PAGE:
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USA Today Sports Media Group
USA Today Sports Media Group
Jeff Risdon

How a Beastie Boys song can help the NFL scout LB prospects better

Here’s a little story I’ve got to tell about drafting linebackers in the NFL…

NFL teams haven’t established a great track record in evaluating first-round linebackers lately. A quick check of the recent decline in all fifth-year options for first-round LBs in the 2020 draft shows the league still struggles to get linebacker scouting correct.

My good friend Ash Thompson recorded an outstanding video breakdown on this whole topic for the Detroit Lions Podcast, in the context of evaluating 2023 first-rounder Jack Campbell. In chatting with Thompson privately, I was reminded of both an old song and something I’ve learned about linebacking play over the years.

Hold it now, hit it

The Beastie Boys and their “License to Ill” album was part of the deep-rooted soundtrack of my high school years. There’s a lesser-known track mixed among the epic songs, one that’s been a phrase I’ve adopted over the years to help me sort out my linebacker evaluations. It’ss the lead track on the album as well as a guiding light in LB scouting.

“Hold it now, hit it”

In linebacking terms, it means being positionally disciplined while also having enough athleticism to react quickly enough to make the play. Intelligence and body control matter as much–if not more–than straight-line speed and hyperkinetic energy. Hold your ground, don’t get fooled, then strike and terminate the play with a hit.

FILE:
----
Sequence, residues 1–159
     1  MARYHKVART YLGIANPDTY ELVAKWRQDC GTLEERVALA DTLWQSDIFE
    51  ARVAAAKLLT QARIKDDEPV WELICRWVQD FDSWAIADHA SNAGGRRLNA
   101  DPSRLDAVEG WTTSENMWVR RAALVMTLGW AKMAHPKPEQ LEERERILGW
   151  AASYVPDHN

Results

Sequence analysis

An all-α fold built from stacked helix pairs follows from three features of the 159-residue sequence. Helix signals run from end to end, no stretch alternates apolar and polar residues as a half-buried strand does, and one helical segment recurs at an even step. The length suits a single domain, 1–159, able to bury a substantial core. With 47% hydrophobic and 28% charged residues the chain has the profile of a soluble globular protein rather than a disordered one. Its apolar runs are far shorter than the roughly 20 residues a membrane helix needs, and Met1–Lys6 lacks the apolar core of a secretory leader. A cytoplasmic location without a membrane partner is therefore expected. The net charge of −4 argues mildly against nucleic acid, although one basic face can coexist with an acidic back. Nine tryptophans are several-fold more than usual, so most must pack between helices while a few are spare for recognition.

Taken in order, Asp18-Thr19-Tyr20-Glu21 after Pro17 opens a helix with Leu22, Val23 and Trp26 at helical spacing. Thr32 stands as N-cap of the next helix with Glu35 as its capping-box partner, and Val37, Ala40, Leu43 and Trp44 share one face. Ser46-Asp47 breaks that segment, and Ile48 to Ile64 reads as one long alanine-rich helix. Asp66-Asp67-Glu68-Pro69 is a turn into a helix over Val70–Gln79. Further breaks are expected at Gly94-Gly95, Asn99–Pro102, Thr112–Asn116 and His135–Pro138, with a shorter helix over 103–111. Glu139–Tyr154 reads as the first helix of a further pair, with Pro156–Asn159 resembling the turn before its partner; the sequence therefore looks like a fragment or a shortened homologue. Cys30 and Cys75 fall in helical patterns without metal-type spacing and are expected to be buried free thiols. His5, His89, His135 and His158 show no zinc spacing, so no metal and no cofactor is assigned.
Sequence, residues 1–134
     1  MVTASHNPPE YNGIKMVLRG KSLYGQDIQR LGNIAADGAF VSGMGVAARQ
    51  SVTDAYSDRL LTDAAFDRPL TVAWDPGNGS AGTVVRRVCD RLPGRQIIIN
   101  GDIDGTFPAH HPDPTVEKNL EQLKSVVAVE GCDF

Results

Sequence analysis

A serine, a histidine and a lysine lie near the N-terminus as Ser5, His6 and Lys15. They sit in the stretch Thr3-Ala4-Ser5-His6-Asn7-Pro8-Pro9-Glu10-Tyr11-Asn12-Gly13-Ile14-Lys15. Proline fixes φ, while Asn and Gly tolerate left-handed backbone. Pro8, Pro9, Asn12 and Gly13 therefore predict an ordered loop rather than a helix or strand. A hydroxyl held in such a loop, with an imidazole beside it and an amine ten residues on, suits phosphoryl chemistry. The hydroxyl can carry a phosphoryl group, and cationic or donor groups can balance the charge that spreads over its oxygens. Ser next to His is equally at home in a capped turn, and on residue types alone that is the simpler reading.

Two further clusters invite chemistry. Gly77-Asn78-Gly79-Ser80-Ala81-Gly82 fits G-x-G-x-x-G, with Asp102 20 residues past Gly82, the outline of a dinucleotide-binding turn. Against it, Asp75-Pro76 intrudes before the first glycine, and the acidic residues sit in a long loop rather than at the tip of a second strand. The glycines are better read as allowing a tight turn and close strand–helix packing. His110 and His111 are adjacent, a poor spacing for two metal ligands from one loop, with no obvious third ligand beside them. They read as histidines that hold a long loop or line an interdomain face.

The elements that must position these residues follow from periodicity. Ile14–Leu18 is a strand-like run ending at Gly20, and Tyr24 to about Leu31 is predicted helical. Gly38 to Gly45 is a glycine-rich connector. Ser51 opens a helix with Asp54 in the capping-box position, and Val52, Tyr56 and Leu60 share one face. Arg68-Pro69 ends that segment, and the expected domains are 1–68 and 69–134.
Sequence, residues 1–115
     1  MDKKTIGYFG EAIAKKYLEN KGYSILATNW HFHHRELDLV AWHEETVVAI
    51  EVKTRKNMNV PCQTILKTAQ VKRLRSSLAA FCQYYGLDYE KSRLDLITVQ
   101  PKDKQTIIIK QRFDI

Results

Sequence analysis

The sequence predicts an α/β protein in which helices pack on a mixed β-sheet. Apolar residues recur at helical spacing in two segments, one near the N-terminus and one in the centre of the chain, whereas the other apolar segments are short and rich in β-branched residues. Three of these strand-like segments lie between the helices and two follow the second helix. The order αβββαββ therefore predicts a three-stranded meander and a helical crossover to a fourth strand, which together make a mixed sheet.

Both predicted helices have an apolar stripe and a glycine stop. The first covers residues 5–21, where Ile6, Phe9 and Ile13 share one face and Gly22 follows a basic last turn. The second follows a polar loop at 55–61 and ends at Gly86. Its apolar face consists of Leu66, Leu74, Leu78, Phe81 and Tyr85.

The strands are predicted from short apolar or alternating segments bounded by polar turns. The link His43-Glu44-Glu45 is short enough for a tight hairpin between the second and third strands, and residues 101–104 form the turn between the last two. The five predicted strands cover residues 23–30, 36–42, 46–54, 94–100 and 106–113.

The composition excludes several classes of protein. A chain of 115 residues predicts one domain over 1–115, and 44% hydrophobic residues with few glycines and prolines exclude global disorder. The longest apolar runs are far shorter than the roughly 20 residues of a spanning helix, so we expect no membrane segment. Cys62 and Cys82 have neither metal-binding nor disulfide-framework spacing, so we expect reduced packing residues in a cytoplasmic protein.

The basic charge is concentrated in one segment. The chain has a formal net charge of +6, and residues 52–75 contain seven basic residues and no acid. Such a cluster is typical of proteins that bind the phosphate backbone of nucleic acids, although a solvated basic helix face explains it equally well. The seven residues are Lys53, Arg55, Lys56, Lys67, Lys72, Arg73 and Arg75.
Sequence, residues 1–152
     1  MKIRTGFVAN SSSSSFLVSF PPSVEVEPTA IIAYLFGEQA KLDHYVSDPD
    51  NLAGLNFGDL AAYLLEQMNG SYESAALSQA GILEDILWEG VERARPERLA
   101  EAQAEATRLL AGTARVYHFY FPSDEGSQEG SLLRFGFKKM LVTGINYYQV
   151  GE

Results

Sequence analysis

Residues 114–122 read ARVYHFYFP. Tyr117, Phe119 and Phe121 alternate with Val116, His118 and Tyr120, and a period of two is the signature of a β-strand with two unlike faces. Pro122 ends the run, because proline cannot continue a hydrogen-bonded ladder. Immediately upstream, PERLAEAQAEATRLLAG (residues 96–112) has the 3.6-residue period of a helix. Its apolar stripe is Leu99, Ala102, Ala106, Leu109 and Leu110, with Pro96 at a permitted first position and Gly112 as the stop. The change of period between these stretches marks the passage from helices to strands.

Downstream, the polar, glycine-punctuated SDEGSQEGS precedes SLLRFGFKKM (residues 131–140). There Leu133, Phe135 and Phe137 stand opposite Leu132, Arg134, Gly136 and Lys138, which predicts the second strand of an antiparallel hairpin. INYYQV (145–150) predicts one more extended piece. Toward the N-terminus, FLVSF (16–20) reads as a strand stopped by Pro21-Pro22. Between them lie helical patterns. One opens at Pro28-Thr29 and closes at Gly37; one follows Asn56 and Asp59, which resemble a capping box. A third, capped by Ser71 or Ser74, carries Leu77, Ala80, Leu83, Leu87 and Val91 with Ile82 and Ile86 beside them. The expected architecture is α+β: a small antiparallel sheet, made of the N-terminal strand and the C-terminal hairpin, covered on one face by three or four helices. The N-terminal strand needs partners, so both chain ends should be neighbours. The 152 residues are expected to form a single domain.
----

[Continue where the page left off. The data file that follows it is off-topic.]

In his video, Thompson highlighted one-time Lions first-rounder Jarrad Davis, who is a great example of where the NFL gets evaluations at LB all wrong. Davis is a special athlete, a big-fast-strong-twitchy athlete, the kind of guy you want leading the charge to fight for the right to party. Alas, that doesn’t make him a very good linebacker.

Davis is far from the only linebacker where the NFL was looking for the new style in the wrong places. 2020 first-rounder Isaiah Simmons is another great example of a tremendous athlete who didn’t actually play off-ball linebacker all that effectively in college (he was best as a box safety), but was expected to just flip that switch in the NFL. Simmons, like Davis, Devin Bush, Darren Lee, Ernie Sims and many others, just wasn’t that crafty at actually doing LB things with their athleticism.

Overvaluing athletic traits at a position where football IQ is a paramount virtue for success is where NFL teams continually foul. There has to be a requisite level of athleticism to make it work, of course; slow and low is not an effective tempo. Change of direction ability, initial burst and open-field speed can’t be ignored, but they shouldn’t be the primary attribute. The ability to diagnose a play pre-snap, quickly read and react to a play, finish tackles and understand coverage responsibilities are more important than running 40 yards in a straight line rapidly.

The NFL does appear to be listening to the same tune. In this draft class, Clemson’s Trenton Simpson was my No. 86 overall prospect. I expected Simpson, a phenomenal athlete, to be selected in the top 40 because of his physical traits even though he didn’t pass my “hold it now, hit it” test. Simpson wound up being the No. 86 overall pick, by the Baltimore Ravens.

Scratching the record back to Jack Campbell, he absolutely passed the “hold it now, hit it” test. The Iowa LB was my No. 23 overall prospect. Detroit is hoping he makes sweeter music as the No. 18 overall pick than so many recent out-of-tune LBs have played. I like his chances.


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